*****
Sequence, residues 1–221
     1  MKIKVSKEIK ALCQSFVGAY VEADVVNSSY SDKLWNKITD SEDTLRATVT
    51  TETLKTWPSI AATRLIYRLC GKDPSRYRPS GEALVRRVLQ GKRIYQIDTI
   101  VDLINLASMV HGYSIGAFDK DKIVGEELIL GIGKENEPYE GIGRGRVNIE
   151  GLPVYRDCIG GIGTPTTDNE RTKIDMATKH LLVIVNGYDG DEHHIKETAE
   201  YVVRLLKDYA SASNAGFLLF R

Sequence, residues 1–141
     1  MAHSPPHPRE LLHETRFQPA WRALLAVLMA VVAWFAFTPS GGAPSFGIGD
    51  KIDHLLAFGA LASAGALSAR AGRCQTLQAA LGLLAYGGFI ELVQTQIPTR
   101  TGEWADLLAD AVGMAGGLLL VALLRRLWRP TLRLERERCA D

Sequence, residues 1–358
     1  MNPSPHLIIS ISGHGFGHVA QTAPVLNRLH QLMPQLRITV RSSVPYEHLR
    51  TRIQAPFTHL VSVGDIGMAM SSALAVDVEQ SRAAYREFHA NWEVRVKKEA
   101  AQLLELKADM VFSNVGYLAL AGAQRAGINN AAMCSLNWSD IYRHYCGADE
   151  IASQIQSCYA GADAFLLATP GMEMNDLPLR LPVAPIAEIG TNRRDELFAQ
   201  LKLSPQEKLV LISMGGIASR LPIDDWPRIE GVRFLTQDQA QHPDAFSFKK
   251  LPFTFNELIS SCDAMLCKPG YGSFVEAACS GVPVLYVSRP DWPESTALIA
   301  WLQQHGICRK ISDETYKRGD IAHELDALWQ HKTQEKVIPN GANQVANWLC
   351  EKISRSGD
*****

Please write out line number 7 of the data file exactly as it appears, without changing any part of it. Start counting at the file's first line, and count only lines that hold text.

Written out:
Sequence, residues 1–141